According to concerned parents, the Department of Education (DOE) is sending high achievers to low, competitive schools in pursuit of equity in education, which, according to concerned parents, causes more unfairness than it seems to tackle.

The New York Post reported that the central Department of Education has tried to achieve more diversity by demanding public middle schools to disseminate top performers among places of struggling peers, introducing its new vision on March 19 that has since provoked parents.

“My kid did everything she was supposed to do,” said Herbert Bauernebel, who reviewed that her child in District 2 was rejected by all the 10 applicants despite her impressive 97 percent average performance. “She worked really hard. We’re dumbfounded,” the displeased parent said, reports ThePost.

Bauernebel reviewed that children from 20 families in Battery Park City School were hindered from the schools compatible with their education desire and aptitude and instead assigned to Murray Bergtraum High School, which is known for offering limited spots for competitive development.

The outrage extends to parents from other schools in District 2, too. The new enrolment criteria have prompted parents to avoid the public school system in NYC, where similar policies are in the process of being enacted.

“People are desperate at this point. Some are planning to move, some are going private if they can afford it, some are sending their kids to live with grandparents,” a mother reviewed.

Bauernebel lamented that his daughter’s academic efforts should have afforded her a place at a school that will meet her academic requirements, adding that private school tuition is out of his league. “If we can’t offer a decent public school education to middle-class people in New York City, then what is the path forward?”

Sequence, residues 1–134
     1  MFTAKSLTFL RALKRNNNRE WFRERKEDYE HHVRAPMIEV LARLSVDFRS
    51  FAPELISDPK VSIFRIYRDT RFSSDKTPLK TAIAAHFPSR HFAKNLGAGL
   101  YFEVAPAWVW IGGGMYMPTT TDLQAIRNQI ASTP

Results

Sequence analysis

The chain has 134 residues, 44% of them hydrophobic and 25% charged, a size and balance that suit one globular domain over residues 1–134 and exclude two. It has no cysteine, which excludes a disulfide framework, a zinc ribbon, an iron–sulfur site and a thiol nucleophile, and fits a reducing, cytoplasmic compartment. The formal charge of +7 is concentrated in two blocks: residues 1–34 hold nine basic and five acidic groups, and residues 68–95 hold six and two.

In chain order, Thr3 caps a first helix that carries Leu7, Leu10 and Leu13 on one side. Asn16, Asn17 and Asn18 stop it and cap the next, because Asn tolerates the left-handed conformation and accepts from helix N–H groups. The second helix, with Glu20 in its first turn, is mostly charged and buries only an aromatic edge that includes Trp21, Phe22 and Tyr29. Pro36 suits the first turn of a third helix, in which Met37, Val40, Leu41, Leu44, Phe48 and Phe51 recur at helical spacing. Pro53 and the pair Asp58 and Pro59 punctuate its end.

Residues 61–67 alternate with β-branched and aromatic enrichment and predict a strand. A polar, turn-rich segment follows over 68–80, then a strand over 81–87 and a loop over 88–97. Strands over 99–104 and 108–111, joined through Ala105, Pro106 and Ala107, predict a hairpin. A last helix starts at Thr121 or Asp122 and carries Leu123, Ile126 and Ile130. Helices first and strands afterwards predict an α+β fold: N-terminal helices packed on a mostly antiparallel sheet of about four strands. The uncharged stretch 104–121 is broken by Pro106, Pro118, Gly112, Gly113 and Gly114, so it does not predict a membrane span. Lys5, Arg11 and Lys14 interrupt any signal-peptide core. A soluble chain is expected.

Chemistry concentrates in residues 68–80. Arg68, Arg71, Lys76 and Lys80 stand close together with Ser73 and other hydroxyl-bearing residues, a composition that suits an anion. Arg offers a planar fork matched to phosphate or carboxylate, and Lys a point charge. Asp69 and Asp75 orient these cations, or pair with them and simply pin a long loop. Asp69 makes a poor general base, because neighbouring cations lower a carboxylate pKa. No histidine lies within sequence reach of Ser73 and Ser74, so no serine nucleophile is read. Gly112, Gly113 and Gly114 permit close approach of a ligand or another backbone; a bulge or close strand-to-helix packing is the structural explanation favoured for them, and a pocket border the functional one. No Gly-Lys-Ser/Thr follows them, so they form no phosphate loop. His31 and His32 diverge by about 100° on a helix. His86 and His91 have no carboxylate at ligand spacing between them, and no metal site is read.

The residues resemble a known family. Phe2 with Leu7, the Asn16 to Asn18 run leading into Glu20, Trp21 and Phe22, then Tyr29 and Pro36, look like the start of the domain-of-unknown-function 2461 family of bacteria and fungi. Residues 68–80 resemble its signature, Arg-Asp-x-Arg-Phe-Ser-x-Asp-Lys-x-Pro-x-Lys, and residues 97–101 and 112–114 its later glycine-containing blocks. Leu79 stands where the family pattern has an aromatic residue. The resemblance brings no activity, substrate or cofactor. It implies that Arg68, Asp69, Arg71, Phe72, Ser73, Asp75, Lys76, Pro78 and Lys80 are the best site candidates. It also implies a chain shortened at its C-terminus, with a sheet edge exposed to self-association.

Seeing the dominant proportion of students from the white and Asian communities, the DOE has issued to push for more diversity which resulted in schools preserving a significant amount of their limited seats for low-income households and random applicants.

Among the top District 2 high schools, Eleanor Roosevelt, Baruch, Lab, and Millennium all have announced 50% of their available spots for students of no advanced academic profile.

The DOE also required schools to stop prioritizing students from nearby locations and allow equal opportunity to applicants from all locations.

On Wednesday, June 2, the education department argued that the reform allowed ONE chance per student to enroll in one of their desired destinations.

“We want all of our families to celebrate the milestone of moving on to high school, and the vast majority of students received an offer to one of the schools they applied to. When possible, we always work with any family who prefers a different choice and they have a wide array of opportunities to explore high school options after offers go out,” stated DOE spokesperson Katie O’Hanlon.